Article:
Review: The Billionaire’s Triplet Matchmakers by Mia Caldwell

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☆☆➹⁀☆2.5 – 3 stars☆➹⁀☆☆

 

What it’s about:

Joan Edwards had gone through a lot in her twenty-five years. She’d experienced fame as one of the youngest supermodels in history, and then, even more fame, as one of the most messed-up supermodels in history. Her drinking and drugging exploits dominated the front pages of the tabloids and newspapers all over Europe.

But, a year later, that’s all in the past for Joan Edwards. Her modeling career is over, and good riddance — because the decadent world of high fashion would never be a safe place for her. After rehab, Joan got a job as the nanny to her sister’s triplets, but now that her sister was about to marry the babies’ father, Joan knew that it was time for her to move on.

She’d been worried that the boys had become too attached to her, and it would be easier to leave now, then after they were walking and talking. But, the real reason she needed to submit her two-week’s notice was because she couldn’t bear to move to Milan. There were too many memories she couldn’t face. There were too many places in the city that would remind her of him…

Antonio Ferraro had it all, money, looks, superstar striker for AC Milan, international playboy, heartthrob for millions of women… And then he found Joan Edwards again, and he hit the jackpot. But, then he came home from away games and found her wasted in his home, trashing his house with her druggy friends. As much as it broke his heart, he ended it — kicked her out — refused to speak to her again. Antonio Ferraro was going places – he had no room in his life for someone as weak-willed as Joan Edwards.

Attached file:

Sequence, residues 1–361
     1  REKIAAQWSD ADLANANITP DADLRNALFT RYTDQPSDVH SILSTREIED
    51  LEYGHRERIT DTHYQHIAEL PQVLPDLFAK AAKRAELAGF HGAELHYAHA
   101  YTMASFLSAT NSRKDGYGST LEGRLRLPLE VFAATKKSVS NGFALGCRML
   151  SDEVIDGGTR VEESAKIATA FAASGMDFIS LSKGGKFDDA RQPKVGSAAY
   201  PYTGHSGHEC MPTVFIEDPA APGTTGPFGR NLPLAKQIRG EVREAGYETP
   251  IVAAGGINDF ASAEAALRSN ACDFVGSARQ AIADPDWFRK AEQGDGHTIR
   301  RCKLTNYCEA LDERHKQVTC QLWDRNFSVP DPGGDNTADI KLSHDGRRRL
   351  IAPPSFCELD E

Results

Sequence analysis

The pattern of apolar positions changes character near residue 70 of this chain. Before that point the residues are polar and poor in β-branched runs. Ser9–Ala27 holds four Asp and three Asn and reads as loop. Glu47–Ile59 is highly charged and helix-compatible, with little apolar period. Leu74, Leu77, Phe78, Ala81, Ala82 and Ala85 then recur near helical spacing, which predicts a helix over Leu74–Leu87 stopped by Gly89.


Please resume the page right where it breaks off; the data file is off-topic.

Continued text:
But, a year later, he’d become the weak-willed person. He’d screwed up his life, or was on the verge of screwing it up for good – but, even in the face of one disaster after another, he still couldn’t stop his addiction — gambling. Just when he was scraping up money to keeps his legs from getting broken by his unsympathetic bookie, he sees Joan Edwards – clean, sober, healthy, and more beautiful than ever before.

It’s enough to make him want to get his act together – but, will his desire for her be enough to make him go all-in? Will he be able to save his future and win back her heart, even though he’d denied her that second chance?

All bets are off, when three baby brothers conspire to assist in matchmaking true love.

This is Book 2 in the Billionaire’s Triplets series, but can be read as a standalone novel. This book contains some steamy adult moments, discusses addiction and recovery themes, and has a very happy ending.

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My Thoughts:

 

Mia Caldwell’s Billionaire’s Triplets Matchmakers has an interesting premise and action-packed storyline. As a romance, it fell flat for me, but as a story of two addicts confronting their addiction, it was spot on.

The Good:

Ms. Caldwell’s characters are fully developed. Even though this is the second book in the series, each character—both primary and secondary—is well presented. I really enjoyed Julio and Lissa/Joan’s mothers.

Ms. Caldwell deftly portrayed the struggles of various addictions as well as the impact of addiction on one’s career, relationships, and reputations.

The Bad:

Antonio and Joan’s love relationship is hard to believe. Joan has no faith in Antonio, and neither of them have faith in themselves. The use of sexual attraction as a substitute for love is not unusual, but I do find it unacceptable. The timing of their intimate moments was sometimes questionable, and I found the clinical descriptions to be far from sexy.

In general, the use of the “billionaire boyfriend” is completely overdone, and specific to this story it is the billionaire’s connection that all-to-easily fix the big story conflict.

The story is wrapped up a bit conveniently and to some extent outlandishly. Royal connections, political threats, along with the bookies and mobsters were a bit much.

The Ugly:

Telepathically conversing babies just doesn’t work for me. I was put off by the unnecessary addition of this attribute. The triplets are given too mature a voice, as well as too much reasoning ability for infants.

The Shining Star:

Mark Kamish’s narration of the audiobook brought this story to life. I enjoyed his depiction of all the characters.

 

 

© Copyright 2018 Book Junkie Reviews. All rights reserved.

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